‘Tis the Season. It is Christmas time. But what is this time of year really about? Is it religious; is it about giving gifts or just spending time with family? I believe Christmas is more than religion, it is more than traditions. I believe Christmas is about humanity.
Christmas never started as religious. This holiday dates back as far as 4000 years when ancient tribes celebrated the winter solstice and the recognition of the return of the sun. The idea of the religious Christian Christmas started in ancient Rome in which the birth of Jesus was instituted to combat the many pagan holidays, one of which was the celebration of the birthday of Mithra, the god of the unconquerable sun on December 25th. Christmas in America has not been around for very long. The Puritans of the early 17th century actually outlawed Christmas because of its decadence. Christmas was not considered a holiday in America until December 25, 1789 and was considered only a family-centered day of peace.
I believe the legend of Santa Clause is the true meaning of Christmas. Santa Clause can be traced back to around 280 A.D. to a monk named St. Nicholas of Myra (now Turkey) or Sinter Klaas in Dutch. The date of his death, December 6th, was commemorated with an annual feast which eventually fused with other Christmas traditions when the Dutch immigrated to America. It is said that he gave away all of his inherited wealth and traveled the countryside helping the poor and sick. He was legendary for his kindness and generosity. One particular legend says that he anonymously gave three bags of gold to a family of three daughters who had fallen on hard times. The father was too poor to afford the necessary dowries for all sisters to marry and was considering selling one of his daughters to slavery to pay for the other two to marry. St. Nicholas’ kindhearted gift made it possible for all three daughters to marry.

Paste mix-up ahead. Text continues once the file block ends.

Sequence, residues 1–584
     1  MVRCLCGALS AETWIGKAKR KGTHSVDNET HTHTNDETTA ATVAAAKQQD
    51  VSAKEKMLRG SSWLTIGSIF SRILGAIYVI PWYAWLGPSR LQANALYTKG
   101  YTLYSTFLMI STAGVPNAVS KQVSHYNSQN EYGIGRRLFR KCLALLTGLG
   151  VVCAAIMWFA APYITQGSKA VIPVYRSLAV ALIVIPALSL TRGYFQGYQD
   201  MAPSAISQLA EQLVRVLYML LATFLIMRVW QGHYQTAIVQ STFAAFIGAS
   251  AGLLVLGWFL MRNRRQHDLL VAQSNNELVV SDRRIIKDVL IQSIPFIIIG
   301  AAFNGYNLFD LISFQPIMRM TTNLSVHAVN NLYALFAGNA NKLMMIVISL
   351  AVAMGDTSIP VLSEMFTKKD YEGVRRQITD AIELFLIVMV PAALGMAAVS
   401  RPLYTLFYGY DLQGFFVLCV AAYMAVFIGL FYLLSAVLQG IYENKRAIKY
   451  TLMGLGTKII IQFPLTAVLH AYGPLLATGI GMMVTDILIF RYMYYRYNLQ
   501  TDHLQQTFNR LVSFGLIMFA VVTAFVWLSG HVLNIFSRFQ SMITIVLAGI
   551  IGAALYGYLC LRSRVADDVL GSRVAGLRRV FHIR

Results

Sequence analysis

Christmas is a celebration to remind us of our humanity. All year, most of us think of just ourselves. Even during the Christmas season, people can be rude and impolite, rushing around to find the “perfect” Christmas gift that will usually be unused or thrown out. Even just giving spare change into the Salvation Army buckets is too much for us. However, when Christmas comes we should be reminded that there are other people who need support, whether it is encouragement, care, or money. For just one day, we should think of St. Nicholas and provide at least someone with kindness and generosity.
If you enjoyed this essay, please consider making a tax-deductible contribution to This I Believe, Inc.